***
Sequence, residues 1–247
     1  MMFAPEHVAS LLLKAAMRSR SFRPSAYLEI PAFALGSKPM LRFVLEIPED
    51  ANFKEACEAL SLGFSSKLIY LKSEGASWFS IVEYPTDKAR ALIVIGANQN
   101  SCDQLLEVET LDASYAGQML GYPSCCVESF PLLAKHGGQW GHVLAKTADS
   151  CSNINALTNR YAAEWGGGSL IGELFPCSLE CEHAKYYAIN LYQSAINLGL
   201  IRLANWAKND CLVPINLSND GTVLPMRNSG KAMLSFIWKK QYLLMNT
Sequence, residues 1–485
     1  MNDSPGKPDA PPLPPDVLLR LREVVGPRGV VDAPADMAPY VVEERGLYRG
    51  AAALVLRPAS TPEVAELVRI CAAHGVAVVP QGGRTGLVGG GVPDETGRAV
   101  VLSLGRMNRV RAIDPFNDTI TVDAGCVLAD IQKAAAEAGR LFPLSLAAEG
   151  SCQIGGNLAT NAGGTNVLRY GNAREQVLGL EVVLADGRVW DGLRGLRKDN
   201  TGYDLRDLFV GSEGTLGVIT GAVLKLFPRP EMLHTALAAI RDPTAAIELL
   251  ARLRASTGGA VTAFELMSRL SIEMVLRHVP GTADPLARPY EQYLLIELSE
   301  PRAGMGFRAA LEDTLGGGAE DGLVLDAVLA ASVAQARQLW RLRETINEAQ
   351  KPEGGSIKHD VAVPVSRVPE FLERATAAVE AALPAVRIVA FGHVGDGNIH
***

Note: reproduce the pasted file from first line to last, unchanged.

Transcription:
Sequence, residues 1–247
     1  MMFAPEHVAS LLLKAAMRSR SFRPSAYLEI PAFALGSKPM LRFVLEIPED
    51  ANFKEACEAL SLGFSSKLIY LKSEGASWFS IVEYPTDKAR ALIVIGANQN
   101  SCDQLLEVET LDASYAGQML GYPSCCVESF PLLAKHGGQW GHVLAKTADS
   151  CSNINALTNR YAAEWGGGSL IGELFPCSLE CEHAKYYAIN LYQSAINLGL
   201  IRLANWAKND CLVPINLSND GTVLPMRNSG KAMLSFIWKK QYLLMNT
Sequence, residues 1–485
     1  MNDSPGKPDA PPLPPDVLLR LREVVGPRGV VDAPADMAPY VVEERGLYRG
    51  AAALVLRPAS TPEVAELVRI CAAHGVAVVP QGGRTGLVGG GVPDETGRAV
   101  VLSLGRMNRV RAIDPFNDTI TVDAGCVLAD IQKAAAEAGR LFPLSLAAEG
   151  SCQIGGNLAT NAGGTNVLRY GNAREQVLGL EVVLADGRVW DGLRGLRKDN
   201  TGYDLRDLFV GSEGTLGVIT GAVLKLFPRP EMLHTALAAI RDPTAAIELL
   251  ARLRASTGGA VTAFELMSRL SIEMVLRHVP GTADPLARPY EQYLLIELSE
   301  PRAGMGFRAA LEDTLGGGAE DGLVLDAVLA ASVAQARQLW RLRETINEAQ
   351  KPEGGSIKHD VAVPVSRVPE FLERATAAVE AALPAVRIVA FGHVGDGNIH